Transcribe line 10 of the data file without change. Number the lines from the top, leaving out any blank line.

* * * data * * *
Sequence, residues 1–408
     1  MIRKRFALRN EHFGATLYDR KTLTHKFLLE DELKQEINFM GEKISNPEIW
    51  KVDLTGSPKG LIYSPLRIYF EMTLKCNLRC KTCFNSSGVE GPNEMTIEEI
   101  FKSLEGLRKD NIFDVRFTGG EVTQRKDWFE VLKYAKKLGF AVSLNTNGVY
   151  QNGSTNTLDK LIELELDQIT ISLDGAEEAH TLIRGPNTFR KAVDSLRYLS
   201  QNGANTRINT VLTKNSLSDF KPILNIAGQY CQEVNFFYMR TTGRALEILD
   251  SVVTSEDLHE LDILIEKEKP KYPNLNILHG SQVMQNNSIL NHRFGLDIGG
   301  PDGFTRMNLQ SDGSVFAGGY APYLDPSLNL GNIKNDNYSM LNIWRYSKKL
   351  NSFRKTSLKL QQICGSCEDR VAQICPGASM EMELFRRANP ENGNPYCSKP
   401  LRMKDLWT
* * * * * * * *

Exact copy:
   401  LRMKDLWT